Pulse 3
R1 - America - Dimension Extreme / Genius Products
Review written by and copyright: Jeremiah Chin (22nd January 2009).
The Film

The world of horror sequels and the world of regular sequels seem to operate in different territory. On one hand, the first horror film typically has a sizeable budget, never quite the blockbuster level, but that’s the studio advantage: horror can be made much more cheaply. While blockbuster sequels like “Indiana Jones and the Temple of Doom” (1985) or “The Dark Knight” (2008) are made for 40 to 180 plus million dollars, the entire “Saw” (2004-Present) franchise has been made for less than any of the "Indiana Jones" films. Even though this low budget has dramatically different results, the actual profit made off of the low budget horror sequel is fairly staggering, even when released to DVD. Sometimes the sequels are actually as good as or better than the first, like with “Saw II” (2005) though I seem to be in the minority with that, but other times it just degenerates into something like “Halloween: H20” (1998). So bearing in mind the moneymaking potential, it makes it easier to go into something like “Pulse 3” (2008) and take it with a grain of salt, as it definitely falls into the “H20” category in terms of a movie that just didn’t need to be made (though in no way should that be reason to link “Pulse” (2006) to “Halloween” (1978) as the first “Pulse” is terrible enough on it’s own).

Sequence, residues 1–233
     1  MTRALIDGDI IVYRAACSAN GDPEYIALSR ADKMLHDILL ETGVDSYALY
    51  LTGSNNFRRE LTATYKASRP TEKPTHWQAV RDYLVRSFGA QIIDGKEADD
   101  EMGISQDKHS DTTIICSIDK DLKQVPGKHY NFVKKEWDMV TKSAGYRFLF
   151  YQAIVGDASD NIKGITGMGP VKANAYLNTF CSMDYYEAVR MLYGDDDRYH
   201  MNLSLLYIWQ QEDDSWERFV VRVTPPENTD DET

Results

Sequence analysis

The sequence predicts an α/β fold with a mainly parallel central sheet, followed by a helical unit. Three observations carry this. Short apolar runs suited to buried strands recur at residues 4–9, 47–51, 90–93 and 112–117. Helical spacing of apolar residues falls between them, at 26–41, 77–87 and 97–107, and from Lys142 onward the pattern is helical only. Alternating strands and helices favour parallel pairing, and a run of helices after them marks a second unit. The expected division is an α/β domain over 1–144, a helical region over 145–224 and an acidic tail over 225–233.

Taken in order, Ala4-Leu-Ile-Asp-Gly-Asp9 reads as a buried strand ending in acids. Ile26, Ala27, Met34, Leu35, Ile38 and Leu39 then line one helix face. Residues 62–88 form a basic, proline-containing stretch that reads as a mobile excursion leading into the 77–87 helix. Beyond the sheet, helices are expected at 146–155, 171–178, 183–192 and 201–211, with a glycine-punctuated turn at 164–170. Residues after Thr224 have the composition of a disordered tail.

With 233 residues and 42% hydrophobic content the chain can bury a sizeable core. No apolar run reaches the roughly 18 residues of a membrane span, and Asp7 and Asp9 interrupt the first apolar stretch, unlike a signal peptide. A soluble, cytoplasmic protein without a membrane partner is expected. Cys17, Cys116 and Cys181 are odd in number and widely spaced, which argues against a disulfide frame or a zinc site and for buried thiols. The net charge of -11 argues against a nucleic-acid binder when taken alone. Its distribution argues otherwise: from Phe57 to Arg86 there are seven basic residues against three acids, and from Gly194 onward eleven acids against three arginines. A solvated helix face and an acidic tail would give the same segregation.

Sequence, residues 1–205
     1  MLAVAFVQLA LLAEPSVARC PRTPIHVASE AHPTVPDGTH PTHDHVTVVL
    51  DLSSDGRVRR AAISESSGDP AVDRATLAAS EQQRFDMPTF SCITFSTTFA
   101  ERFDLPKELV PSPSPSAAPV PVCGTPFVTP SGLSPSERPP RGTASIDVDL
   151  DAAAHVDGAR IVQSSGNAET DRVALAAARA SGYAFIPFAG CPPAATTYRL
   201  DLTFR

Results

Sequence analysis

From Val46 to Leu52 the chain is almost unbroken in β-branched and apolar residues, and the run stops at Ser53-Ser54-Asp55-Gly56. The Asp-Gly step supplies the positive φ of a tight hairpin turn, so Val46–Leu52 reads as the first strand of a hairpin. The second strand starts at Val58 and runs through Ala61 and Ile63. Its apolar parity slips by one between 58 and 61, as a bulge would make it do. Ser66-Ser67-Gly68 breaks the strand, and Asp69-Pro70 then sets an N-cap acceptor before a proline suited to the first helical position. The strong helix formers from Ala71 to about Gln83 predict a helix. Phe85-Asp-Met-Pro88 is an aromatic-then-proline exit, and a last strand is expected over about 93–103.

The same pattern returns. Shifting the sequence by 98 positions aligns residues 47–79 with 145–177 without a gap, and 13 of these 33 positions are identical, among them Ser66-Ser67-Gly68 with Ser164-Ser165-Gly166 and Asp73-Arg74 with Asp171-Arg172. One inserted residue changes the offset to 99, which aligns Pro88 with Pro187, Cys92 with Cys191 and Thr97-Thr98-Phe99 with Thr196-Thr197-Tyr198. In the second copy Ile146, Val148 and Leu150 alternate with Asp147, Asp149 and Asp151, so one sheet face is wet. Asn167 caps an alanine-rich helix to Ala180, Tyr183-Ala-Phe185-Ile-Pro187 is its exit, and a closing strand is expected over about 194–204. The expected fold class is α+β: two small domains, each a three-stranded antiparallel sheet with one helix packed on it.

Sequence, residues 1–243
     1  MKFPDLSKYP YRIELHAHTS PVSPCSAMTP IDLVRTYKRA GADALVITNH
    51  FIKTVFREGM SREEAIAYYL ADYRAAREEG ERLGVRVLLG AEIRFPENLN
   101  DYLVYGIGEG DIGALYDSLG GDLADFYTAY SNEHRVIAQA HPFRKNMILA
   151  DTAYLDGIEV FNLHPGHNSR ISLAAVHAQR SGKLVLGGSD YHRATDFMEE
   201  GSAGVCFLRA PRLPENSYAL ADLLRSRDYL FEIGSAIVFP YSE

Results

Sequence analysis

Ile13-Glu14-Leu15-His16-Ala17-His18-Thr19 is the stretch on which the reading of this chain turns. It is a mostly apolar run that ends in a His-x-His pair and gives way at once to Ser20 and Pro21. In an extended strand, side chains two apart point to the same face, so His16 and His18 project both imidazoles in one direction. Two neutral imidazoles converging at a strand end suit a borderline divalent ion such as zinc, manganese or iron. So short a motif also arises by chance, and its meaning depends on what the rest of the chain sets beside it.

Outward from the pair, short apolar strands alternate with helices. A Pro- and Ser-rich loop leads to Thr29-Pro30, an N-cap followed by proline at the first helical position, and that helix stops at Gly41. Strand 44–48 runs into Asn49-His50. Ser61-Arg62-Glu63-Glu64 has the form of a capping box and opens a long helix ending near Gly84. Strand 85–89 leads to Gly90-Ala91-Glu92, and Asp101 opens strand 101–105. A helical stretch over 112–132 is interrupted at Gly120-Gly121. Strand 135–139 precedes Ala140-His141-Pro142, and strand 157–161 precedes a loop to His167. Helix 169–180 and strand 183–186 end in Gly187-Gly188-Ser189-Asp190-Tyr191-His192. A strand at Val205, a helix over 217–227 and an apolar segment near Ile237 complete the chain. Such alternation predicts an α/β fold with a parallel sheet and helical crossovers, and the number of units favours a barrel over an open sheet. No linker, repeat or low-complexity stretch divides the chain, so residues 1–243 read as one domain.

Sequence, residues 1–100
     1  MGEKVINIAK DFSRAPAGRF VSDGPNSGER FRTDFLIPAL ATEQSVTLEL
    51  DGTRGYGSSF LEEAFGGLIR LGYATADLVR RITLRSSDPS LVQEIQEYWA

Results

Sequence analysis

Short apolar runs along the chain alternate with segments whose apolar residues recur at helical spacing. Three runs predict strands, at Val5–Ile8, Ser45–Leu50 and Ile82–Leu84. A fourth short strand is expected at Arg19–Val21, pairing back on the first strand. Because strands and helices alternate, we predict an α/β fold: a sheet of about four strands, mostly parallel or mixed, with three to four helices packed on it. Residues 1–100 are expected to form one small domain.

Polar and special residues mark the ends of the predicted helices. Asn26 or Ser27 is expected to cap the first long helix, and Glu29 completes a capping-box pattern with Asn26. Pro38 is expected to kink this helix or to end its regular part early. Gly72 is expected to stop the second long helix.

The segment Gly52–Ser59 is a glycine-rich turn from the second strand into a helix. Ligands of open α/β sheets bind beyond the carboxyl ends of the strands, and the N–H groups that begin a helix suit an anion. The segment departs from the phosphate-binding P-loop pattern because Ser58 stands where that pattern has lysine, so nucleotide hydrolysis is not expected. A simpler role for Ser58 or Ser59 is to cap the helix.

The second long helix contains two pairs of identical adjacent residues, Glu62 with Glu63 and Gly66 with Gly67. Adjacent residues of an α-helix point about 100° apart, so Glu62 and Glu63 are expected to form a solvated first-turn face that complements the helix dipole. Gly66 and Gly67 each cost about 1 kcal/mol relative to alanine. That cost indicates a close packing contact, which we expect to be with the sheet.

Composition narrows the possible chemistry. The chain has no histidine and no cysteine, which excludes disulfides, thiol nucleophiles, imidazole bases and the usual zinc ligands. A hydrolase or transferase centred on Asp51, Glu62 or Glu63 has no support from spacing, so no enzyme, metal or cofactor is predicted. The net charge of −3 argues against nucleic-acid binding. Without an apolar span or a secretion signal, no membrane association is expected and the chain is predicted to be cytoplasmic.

“Pulse 3” connects to the first film in that it uses the same idea of ghosts escaping through computers to kill the living, but takes place somewhere around 10 years after the initial incident. People have now abandoned the cities and moved into small communities off the grid and out of reach from their ghostly computers. 17-year-old Justine (Brittany Finamore) still mourns for her dead mother and dreams of a world back in the city life, away from her foster family and hopefully back to her mother. So when she discovers a still functioning laptop that still mysteriously has internet access, she takes the advice of her new friend over instant messenger and decides to go back to Huston to try and reconnect with someone else.

It’s a little hard to say why this is on the 'Dimension Extreme' label other than the fact that they probably own the rights to all “Pulse” related films, remakes and sequels. There’s hardly any gore or even tension to justify such an extreme branding. Rather than aiming for any kind of creepy they’re gonna get you mentality, "Pulse 3" likes to think of itself as something more of a travel movie, just watching Justine move from one barren location to another barren location for a full hour and a half. The scariest part of the film was looking at the clock and realizing I still had an hour of the film left.

In terms of writing, acting and directing, there just isn’t much to say. The concept of the script could be interesting if the ghosts acted anything like the zombie hordes my imagination liked to optimistically conjure up, rather they just kind of appear and remind you that this is a “Pulse” movie, meaning ghosts and technology are bff’s. One of the weirdest and most fustrating choices of the film was the predominantly digital filming, probably 90 percent of the film was shot on green screen using still images as backdrops. It adds a level of artificiality that could get exploited for effect but just gets annoying after a little while, especially when you can see the feathering around the cutout of the character against the backdrop. If it had been more stylized or used differently it could have worked, but instead it just grated on my nerves. Similarly the writing is more grating than anything, Justine decides to trust her online pal and venture out, mysteriously getting internet access in the Texas desert, who knows maybe skynet is in effect and there’s internet everywhere.